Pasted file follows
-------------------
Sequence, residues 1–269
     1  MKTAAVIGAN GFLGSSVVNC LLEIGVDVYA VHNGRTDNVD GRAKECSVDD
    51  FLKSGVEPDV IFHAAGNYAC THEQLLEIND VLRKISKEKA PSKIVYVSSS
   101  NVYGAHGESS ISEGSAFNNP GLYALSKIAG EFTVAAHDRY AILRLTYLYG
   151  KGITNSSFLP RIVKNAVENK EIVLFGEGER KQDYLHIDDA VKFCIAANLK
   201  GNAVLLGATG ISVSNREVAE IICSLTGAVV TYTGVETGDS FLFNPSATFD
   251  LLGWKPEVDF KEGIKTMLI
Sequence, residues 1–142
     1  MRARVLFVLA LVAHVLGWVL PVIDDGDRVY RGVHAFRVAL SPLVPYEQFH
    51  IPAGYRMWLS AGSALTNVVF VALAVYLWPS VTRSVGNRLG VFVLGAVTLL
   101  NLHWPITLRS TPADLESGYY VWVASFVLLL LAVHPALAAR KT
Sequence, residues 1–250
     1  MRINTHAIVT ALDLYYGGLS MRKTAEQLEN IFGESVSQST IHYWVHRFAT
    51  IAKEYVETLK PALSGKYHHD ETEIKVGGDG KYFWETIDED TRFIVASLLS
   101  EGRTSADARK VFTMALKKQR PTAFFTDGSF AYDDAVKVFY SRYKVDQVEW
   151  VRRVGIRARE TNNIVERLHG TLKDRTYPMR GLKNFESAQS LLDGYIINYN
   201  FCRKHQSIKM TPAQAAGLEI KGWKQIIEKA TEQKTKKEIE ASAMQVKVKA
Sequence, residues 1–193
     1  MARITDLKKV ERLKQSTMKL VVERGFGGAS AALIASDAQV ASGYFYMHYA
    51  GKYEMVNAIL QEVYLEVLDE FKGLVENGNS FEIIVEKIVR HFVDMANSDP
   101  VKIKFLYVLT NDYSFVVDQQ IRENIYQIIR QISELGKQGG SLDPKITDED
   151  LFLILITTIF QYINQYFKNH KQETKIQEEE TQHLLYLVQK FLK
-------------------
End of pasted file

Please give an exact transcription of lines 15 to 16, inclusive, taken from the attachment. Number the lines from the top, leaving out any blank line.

   101  EGRTSADARK VFTMALKKQR PTAFFTDGSF AYDDAVKVFY SRYKVDQVEW
   151  VRRVGIRARE TNNIVERLHG TLKDRTYPMR GLKNFESAQS LLDGYIINYN